Monday, February 10, 2014

The Tokyo Election:

What it Means for Nuclear Power in Japan

The election results are in for the hotly contested election for governor of Tokyo, and the "nuclear-neutral" candidate has prevailed by a significant margin.  Since the election had seemingly morphed into a plebiscite on nuclear power, one could reasonably now ask what this vote may mean for nuclear power in Japan.

My own assessment is that it may mean less for nuclear power than the pro-nukes might wish or the anti-nukes might fear.  Perhaps what it means most is simply that the electorate of Tokyo acted rationally and decided that nuclear power wasn't really an appropriate election issue for Tokyo.

By explanation, let's recap the election briefly.  The winning candidate, Japan's former Health Minister Yoichi Masuzoe, is a former member of Prime Minister Shinzo Abe's Liberal Democratic Party.  He was running against former Prime Minister Morihiro Hosokawa, who had made opposition to nuclear power the central issue of his campaign.  By contrast, Masuzoe had not made energy policy a key issue, although he did state an interest in reducing the use of nuclear power in the medium to long term.  This was consistent with Abe's position on nuclear energy.

So, does this mean that the population of Tokyo backs nuclear energy?  Hardly.  In the first place, Masuzoe's didn't really support nuclear power, so much as indicate he felt Japan needed to tolerate it for the time being.  This position probably resonated with the electorate.  In the second place, surveys have shown that the public continues to be against nuclear power, but they are more concerned about jobs and the state of the economy.  Masuzoe's platform focused on these issues.  It should also be noted that there was a pro-nuclear candidate on the ballot--he came in a very distant fourth.  (A further possible factor is that voter turnout has been reported as low.  The role of the snowfall in Tokyo the day before, which was nearly a 50-year record level, is being debated.)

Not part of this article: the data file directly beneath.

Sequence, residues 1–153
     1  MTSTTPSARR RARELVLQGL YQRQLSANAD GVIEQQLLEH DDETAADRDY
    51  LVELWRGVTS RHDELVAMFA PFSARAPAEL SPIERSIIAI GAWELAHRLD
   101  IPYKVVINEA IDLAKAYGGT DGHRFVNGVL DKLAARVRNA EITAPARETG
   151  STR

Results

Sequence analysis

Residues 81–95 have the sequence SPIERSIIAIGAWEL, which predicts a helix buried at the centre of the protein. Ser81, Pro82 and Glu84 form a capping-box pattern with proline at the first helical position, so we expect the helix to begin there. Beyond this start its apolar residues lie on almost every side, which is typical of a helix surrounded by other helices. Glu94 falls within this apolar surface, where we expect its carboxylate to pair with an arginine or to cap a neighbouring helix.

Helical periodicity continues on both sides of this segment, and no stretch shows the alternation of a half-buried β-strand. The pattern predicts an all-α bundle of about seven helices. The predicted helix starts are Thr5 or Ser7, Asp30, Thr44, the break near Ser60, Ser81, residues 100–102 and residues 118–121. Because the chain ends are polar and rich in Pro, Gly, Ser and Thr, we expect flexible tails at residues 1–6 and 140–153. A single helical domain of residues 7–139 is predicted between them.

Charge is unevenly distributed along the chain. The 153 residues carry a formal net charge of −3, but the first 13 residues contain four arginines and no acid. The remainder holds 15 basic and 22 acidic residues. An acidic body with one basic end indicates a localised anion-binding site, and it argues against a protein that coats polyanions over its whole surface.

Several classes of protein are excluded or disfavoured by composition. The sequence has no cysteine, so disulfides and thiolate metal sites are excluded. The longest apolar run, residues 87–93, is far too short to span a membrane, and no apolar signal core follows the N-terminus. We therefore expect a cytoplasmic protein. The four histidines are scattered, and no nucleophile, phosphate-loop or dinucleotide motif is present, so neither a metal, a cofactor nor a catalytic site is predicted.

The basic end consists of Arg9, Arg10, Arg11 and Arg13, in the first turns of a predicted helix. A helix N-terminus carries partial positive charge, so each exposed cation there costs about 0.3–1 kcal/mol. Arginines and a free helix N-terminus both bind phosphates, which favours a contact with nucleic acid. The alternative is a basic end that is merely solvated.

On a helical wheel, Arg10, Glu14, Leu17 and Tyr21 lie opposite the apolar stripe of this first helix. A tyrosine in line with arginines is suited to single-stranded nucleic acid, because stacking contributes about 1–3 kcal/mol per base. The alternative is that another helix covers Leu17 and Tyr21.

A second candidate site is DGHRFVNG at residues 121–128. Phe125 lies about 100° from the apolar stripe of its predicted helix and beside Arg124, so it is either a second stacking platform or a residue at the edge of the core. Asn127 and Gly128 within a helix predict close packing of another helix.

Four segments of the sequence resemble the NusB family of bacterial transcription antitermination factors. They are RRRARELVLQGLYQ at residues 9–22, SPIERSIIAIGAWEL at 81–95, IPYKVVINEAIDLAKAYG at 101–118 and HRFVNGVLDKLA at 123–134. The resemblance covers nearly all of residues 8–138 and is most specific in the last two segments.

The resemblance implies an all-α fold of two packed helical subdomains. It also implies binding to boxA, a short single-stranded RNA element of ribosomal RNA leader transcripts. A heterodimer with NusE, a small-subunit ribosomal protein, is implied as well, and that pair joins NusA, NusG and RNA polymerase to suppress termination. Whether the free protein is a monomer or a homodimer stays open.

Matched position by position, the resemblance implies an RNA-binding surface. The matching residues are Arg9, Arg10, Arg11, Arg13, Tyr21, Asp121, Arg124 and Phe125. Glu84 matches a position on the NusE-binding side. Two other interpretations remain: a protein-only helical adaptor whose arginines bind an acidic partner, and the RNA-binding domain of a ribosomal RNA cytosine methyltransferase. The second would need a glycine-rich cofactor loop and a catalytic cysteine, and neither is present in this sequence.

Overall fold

What the election results really mean is that the Tokyo public put their economic interests above their concerns about nuclear power.  In reality, since there are no nuclear power plants in the Tokyo area, it would have been foolish for them to make nuclear power their primary issue anyway.  [*This is in contrast the significance of the issue of nuclear power in other parts of Japan.  See note at end of blog.]  Voting for an anti-nuclear ticket in Tokyo might have been a "feel good" vote for an anti-nuke, but it was unlikely to have any practical value.  Therefore, in my view, the vote mainly means that the Tokyo electorate voted based on reason, and not on emotion.

As a result, it would be unwise for either the pro-nuclear camp or the anti-nuclear camp to make too much of the results of this election.  It is not a ringing endorsement of nuclear power.  The anti-nukes are not going to feel their cause is lost and slink away in defeat.  The path to restarting the shuttered nuclear power plants in Japan is still not clear or easy.  What happens in the nuclear arean will continue to depend on the on-going dialogue between the utilities the Nuclear Regulation Agency in Japan and on the local jurisdictions around each of the power plants.

Likewise, had the vote gone for Hosokawa, it would unlikely have had much impact on the activities already in process to try to gain approval to restart some of the idled plants.  However, it certainly would have reinforced the image that the Japanese population put their highest priority on shuttering the existing plants, and in that sense, would have created an additional psychological hurdle.

Therefore, the fact that vote went the way it did provides a ray of optimism for the future of nuclear power in Japan.  It demonstrates that nuclear power isn't the key issue for the general population, and it gives some hope that, if plants are restarted and run smoothly, the anti-nuclear sentiment may become less and less of a priority among the voters of Japan.

[*Note:  In contrast to other countries, local jurisdictions in Japan do have a role in decisions on nuclear power plant operations--and other industrial or infrastructure-related activities--in their areas.  Therefore, this type of vote could have an impact in areas of Japan that host nuclear power plants.]


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